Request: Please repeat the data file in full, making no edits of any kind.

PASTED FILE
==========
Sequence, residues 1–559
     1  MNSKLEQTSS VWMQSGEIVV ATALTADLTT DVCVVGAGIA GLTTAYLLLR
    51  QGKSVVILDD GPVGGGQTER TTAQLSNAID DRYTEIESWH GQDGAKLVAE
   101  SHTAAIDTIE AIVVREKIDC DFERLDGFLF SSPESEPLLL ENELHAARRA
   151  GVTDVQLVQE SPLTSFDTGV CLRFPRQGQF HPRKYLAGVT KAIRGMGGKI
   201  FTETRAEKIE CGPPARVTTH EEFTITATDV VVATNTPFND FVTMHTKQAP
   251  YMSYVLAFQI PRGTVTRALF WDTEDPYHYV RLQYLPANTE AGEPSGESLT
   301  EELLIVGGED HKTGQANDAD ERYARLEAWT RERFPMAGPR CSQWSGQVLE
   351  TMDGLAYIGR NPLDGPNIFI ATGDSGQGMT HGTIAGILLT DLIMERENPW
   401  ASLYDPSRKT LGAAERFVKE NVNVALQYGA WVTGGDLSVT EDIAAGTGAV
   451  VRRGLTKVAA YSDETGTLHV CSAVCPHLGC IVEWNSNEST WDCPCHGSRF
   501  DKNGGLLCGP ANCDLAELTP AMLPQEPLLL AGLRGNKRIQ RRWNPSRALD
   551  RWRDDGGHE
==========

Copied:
Sequence, residues 1–559
     1  MNSKLEQTSS VWMQSGEIVV ATALTADLTT DVCVVGAGIA GLTTAYLLLR
    51  QGKSVVILDD GPVGGGQTER TTAQLSNAID DRYTEIESWH GQDGAKLVAE
   101  SHTAAIDTIE AIVVREKIDC DFERLDGFLF SSPESEPLLL ENELHAARRA
   151  GVTDVQLVQE SPLTSFDTGV CLRFPRQGQF HPRKYLAGVT KAIRGMGGKI
   201  FTETRAEKIE CGPPARVTTH EEFTITATDV VVATNTPFND FVTMHTKQAP
   251  YMSYVLAFQI PRGTVTRALF WDTEDPYHYV RLQYLPANTE AGEPSGESLT
   301  EELLIVGGED HKTGQANDAD ERYARLEAWT RERFPMAGPR CSQWSGQVLE
   351  TMDGLAYIGR NPLDGPNIFI ATGDSGQGMT HGTIAGILLT DLIMERENPW
   401  ASLYDPSRKT LGAAERFVKE NVNVALQYGA WVTGGDLSVT EDIAAGTGAV
   451  VRRGLTKVAA YSDETGTLHV CSAVCPHLGC IVEWNSNEST WDCPCHGSRF
   501  DKNGGLLCGP ANCDLAELTP AMLPQEPLLL AGLRGNKRIQ RRWNPSRALD
   551  RWRDDGGHE